If you aren't convinced these applications are actually associated with the real Asahd Khaled, below is a written consent signed by Asahd's mother and DJ Khaled's wife - Nicole Tuck - consenting to the use and registration of Asahd's name as a trademark. A written consent was filed for each of the three applications.

The written consent above is required because Section 2(c) of the Trademark Act prohibits the registration of a trademark consisting of or comprising a name, portrait, or signature identifying a particular living individual, except with that individual's (or in this case, their guardian's) written consent. Section 2(c) doesn't just apply to full names, but to nicknames, shortened names, pseudonyms, and stage names as well. TMEP 1206.01.

Before Asahd's trademarks can register, ATK Entertainment will need to start using his name as a trademark in conjunction with those goods and services listed in the applications and submit sufficient proof of same to the Trademark Office. In other words, don't be surprised if you see ASAHD cologne, or ASAHD jewelry, in the near future.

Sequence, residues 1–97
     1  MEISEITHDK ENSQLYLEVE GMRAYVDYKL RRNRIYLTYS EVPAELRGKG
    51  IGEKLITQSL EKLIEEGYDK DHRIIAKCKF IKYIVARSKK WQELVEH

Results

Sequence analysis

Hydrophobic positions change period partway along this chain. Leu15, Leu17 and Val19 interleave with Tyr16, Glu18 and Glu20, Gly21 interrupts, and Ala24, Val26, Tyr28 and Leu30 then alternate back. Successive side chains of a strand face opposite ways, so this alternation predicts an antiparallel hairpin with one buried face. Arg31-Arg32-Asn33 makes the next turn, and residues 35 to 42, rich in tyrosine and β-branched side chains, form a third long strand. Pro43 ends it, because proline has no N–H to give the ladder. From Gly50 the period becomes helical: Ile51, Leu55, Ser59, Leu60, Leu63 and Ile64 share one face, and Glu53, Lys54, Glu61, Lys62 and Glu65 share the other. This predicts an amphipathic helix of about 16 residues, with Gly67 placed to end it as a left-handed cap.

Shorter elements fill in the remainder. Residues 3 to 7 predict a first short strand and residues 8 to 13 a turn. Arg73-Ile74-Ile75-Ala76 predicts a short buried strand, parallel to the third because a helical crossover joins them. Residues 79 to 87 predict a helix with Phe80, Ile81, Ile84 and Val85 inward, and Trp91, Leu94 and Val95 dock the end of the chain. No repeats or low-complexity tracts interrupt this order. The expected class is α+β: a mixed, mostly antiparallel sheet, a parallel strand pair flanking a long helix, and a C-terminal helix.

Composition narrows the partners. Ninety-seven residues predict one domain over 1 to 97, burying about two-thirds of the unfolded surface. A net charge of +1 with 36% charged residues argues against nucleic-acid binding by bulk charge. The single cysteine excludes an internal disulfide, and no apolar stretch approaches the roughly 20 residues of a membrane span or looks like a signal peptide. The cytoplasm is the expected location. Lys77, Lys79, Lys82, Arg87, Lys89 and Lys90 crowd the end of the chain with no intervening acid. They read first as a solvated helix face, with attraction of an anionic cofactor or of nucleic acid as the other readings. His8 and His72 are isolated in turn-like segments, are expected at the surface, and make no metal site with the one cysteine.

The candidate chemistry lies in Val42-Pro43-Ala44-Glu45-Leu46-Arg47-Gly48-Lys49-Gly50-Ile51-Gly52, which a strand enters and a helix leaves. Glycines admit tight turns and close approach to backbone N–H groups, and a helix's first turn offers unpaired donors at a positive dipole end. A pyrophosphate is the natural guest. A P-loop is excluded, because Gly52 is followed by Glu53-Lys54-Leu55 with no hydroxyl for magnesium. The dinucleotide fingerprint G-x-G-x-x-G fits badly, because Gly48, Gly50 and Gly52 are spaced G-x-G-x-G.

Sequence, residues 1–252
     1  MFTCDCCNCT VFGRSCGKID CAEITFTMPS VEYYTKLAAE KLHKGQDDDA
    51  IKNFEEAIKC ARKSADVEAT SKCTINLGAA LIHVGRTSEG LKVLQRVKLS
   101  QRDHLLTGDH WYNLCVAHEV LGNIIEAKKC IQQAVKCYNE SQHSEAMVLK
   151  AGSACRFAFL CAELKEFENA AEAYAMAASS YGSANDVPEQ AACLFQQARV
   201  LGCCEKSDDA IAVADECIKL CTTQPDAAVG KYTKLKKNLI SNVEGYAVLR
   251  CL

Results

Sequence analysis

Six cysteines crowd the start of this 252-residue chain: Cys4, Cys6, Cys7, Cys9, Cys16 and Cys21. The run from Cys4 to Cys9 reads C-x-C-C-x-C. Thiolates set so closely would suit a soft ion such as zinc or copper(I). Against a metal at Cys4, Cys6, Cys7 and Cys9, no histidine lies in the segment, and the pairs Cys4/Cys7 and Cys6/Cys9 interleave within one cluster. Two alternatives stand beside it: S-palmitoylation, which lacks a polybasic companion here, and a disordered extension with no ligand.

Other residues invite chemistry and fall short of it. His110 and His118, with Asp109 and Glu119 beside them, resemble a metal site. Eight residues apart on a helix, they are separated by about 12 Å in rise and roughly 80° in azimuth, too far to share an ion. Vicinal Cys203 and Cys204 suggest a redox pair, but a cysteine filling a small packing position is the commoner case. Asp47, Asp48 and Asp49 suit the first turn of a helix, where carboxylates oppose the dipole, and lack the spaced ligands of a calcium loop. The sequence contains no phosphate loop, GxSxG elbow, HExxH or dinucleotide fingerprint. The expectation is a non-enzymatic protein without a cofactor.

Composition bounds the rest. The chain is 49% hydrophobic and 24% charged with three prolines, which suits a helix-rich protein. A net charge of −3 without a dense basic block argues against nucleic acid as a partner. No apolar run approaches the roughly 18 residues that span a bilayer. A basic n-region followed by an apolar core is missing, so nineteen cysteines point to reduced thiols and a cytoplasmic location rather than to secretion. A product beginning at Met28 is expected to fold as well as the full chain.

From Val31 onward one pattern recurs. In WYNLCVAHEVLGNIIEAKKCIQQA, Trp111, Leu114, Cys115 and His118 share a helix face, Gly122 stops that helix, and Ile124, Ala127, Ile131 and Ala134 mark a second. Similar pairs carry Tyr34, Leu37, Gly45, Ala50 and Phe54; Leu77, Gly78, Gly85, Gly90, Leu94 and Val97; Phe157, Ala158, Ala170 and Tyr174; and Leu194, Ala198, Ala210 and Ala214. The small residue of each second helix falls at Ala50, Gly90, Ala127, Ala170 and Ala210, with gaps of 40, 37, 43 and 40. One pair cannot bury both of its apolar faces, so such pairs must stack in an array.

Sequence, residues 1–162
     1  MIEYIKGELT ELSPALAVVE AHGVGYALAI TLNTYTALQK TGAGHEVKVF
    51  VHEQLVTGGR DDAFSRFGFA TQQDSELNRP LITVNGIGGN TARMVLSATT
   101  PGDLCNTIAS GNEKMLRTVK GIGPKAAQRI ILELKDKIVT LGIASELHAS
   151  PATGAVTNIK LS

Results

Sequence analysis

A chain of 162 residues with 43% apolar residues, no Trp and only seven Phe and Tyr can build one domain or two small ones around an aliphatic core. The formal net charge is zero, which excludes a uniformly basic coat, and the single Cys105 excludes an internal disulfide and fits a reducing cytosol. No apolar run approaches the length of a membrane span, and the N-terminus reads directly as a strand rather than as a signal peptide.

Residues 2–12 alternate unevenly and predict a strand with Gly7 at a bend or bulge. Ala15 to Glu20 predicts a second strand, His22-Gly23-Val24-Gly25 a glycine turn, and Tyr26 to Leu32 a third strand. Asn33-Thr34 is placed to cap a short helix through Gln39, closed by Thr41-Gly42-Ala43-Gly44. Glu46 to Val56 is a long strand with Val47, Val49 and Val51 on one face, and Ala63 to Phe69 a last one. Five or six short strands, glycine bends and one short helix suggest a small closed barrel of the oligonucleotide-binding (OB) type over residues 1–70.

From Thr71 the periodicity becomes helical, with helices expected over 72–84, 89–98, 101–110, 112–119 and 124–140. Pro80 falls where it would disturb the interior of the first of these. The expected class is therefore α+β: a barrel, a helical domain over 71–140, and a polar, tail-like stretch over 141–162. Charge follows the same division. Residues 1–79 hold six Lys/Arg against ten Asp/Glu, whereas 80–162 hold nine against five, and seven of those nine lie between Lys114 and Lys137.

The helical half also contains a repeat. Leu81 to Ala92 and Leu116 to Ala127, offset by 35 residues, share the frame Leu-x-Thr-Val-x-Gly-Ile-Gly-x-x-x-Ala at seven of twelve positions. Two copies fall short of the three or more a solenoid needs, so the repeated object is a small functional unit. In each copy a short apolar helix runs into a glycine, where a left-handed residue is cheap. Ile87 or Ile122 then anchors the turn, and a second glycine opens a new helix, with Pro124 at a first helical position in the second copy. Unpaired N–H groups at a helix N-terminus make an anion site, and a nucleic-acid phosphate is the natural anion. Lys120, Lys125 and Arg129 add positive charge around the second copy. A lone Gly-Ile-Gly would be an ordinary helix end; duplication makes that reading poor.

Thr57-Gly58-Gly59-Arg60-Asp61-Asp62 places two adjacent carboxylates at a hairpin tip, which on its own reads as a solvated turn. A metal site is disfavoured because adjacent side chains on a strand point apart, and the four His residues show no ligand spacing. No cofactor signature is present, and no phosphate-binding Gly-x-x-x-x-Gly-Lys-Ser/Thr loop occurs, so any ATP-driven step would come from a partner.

According to my quick search, these are the first federal trademark applications filed by ATK Entertainment, Inc.

Wednesday, April 4, 2018

Vice President Mike Pence's Daughter (and Wife) File Applications to Register Their Rabbit, Marlon Bundo, as a Trademark

Do you know BOTUS? Aka Marlon Bundo, the Bunny of the United States, and the pet of Vice President Mike Pence's daughter? He's now the subject of two federal trademark applications.

On March 29, Charlotte Pence, the Vice President's daughter, and Karen Pence, the Vice President's wife, jointly filed with the U.S. Patent and Trademark Office two trademark applications related to the bunny - one for the drawing seen to the right and another for the words MARLON BUNDO. Both applications cover the same broad range of goods, including: